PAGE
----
Bremen


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Bremen

(brā`mən), city (1994 pop. 551,600), capital of the state of Bremen, NW Germany, on the Weser River. Known as the Free Hanse City of Bremen (Ger. Freie Hansestadt Bremen), it is Germany's largest port after Hamburg and is a commercial and industrial center trading in cotton, wool, tobacco, and copper. The city's products include ships, aircraft, steel, machinery, electrical equipment, textiles, beer, and foodstuffs, particularly roasted coffee. In recent years Bremen has employed about half its workforce in commerce, transportation, and the service sector. The shipyard that was once its largest employer closed in 1996. Bremen is Germany's oldest port city. It was made an archbishopric in 845, and under Archbishop Adalbert (1043–72) it included all of Scandinavia, Iceland, and Greenland. The archbishops held temporal sway over a large area between the Weser and Elbe rivers, but the city of Bremen itself remained virtually independent as its importance grew. In 1358 it became one of the leading members of the Hanseatic LeagueHanseatic League
, mercantile league of medieval German towns. It was amorphous in character; its origin cannot be dated exactly. Originally a Hansa was a company of merchants trading with foreign lands.
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. It accepted the Reformation in 1522, and in 1646 it was made a free imperial city. It stubbornly fought to preserve this status after the archbishopric had been assigned to Sweden by the Peace of Westphalia and later was ceded (1719) by Sweden to the elector of Hanover (George I of England). Bremen was occupied by France from 1810 to 1813. The city's overseas trade—from the late 18th cent. particularly with the United States—grew in the 19th cent., partly because of the founding (1827) of nearby Bremerhaven and the establishment (1857) of Norddeutscher Lloyd (North German Lloyd), a large shipping company. The city joined the German Empire in 1871. After World War I, there was a short-lived (1918–19) socialist republic of Bremen. The city was badly damaged by bombs during World War II, but numerous historic monuments remain, including the Gothic city hall (1405–9); the statue of Roland, the medieval hero, which was erected in 1404 as a symbol of the city's freedom; the cathedral (begun 1043), a blend of Romanesque and Gothic styles; and two noted churches—the Liebfrauenkirche (13th cent.) and the Johanneskirche (14th cent.). The city has a major art museum and a museum of overseas ethnology. The state of Bremen (1994 pop. 674,300), 156 sq mi (404 sq km), was formed in 1947 by combining Bremen and Bremerhaven.

Bremen

 

a city, a large river port and seaport in the Federal Republic of Germany, on the Weser River, 133 km from the river’s confluence with the North Sea. Administratively, the city of Bremen and the city of Bremerhaven, which fulfills the functions of a forward port for passenger ships and large freighters for Bremen, together form the Land of Bremen. Its area is 404 sq km; within its boundaries the population is 755, 400 (1969); of this number the population of the city of Bremen proper is 606, 000.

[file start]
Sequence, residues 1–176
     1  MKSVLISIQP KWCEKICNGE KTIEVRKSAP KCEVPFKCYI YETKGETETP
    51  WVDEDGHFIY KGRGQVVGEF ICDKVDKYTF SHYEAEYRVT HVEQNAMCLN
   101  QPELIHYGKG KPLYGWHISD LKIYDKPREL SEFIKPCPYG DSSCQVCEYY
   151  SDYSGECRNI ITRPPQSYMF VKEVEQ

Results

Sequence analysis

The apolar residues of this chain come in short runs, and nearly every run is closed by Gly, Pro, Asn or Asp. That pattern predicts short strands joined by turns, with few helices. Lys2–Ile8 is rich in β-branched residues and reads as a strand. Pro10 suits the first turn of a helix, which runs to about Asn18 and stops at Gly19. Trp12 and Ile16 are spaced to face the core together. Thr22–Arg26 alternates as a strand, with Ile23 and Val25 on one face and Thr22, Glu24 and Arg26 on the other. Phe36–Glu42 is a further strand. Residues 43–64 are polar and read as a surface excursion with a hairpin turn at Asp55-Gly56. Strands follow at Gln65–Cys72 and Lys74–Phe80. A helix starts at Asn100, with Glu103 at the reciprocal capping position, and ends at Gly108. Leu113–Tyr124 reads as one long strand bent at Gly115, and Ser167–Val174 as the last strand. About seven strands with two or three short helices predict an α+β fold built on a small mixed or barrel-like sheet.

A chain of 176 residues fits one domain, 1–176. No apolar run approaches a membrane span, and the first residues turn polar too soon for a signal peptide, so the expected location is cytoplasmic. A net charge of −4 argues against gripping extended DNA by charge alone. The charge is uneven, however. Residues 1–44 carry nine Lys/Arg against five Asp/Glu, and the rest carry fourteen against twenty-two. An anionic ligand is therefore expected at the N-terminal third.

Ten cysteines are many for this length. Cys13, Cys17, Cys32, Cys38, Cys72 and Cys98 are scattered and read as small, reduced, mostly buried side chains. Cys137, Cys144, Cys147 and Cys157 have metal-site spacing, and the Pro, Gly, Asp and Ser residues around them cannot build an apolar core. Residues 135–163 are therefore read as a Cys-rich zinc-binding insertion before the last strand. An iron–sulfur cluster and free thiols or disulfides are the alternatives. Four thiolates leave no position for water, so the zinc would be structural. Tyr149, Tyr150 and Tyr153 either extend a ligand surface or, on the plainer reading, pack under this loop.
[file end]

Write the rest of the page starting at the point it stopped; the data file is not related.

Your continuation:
In the economy of the city and the Land, industry, transport, commerce, banking, and insurance play the main role. Of the economically active population 41.1 percent is employed in industry; 30.9 percent is employed in transport, commerce, and banking; and about 1 percent is employed in fishing and farming (1969).

The city of Bremen is a large international transport center; six railroad lines and three Autobahns converge there. The city also has an airport. In the postwar period, connections with other regions of the country have been substantially improved. (There are new canals along the middle reaches of the Weser; railroad lines have been electrified to Hannover and further into the southern portion of the Federal Republic of Germany, to the Ruhr, to Hamburg, and to Bremerhaven; Autobahns have been constructed leading to Hannover and Osnabrück.) The port of Bremen occupies third place in freight turnover (over 14 million tons in 1969; including Bremerhaven, 20.5 million tons) after Hamburg and Wilhelmshaven. Imports arriving through Bremen include cotton, wool, jute, tobacco, coffee, grain, fruit, lumber products, petroleum, and ores. Exports consist of industrial products, coal, coke, and potassium salts. Part of the freight turnover is freight passing through Bremen destined for Austria and Switzerland.

The basic branches of industry are connected with Bremen’s port and foreign trade functions. One-fourth of the country’s shipbuilding capacity is concentrated in Bremen (the shipyards Bremer Vulkan and AG Weser); there are two aircraft plants (Vereinigte Flugtechnische Werke), a large ferrous metallurgy plant with the overall cycle of production (Klöckner-Werke), and two oil refineries. There are also automobile industry enterprises (manufacture of trucks), general machine construction plants, electrotechnical plants, textile mills (wool and jute), and the food-processing industry (flour, rice, coffee, tea, and others). Bremen is also an important center of wholesale trade in cotton (the cotton exchange), tobacco (tobacco exchange), wool, jute, grain, and coffee. There are also specialized educational institutions in Bremen, including a construction and engineering school and a school of navigation.

O. V. VITKOVSKII

Bremen

1. a state of NW Germany, centred on the city of Bremen and its outport Bremerhaven; formerly in West Germany. Pop.: 663 000 (2003 est.). Area: 404 sq. km (156 sq. miles)
2. an industrial city and port in NW Germany, on the Weser estuary. Pop.: 544 853 (2003 est.)
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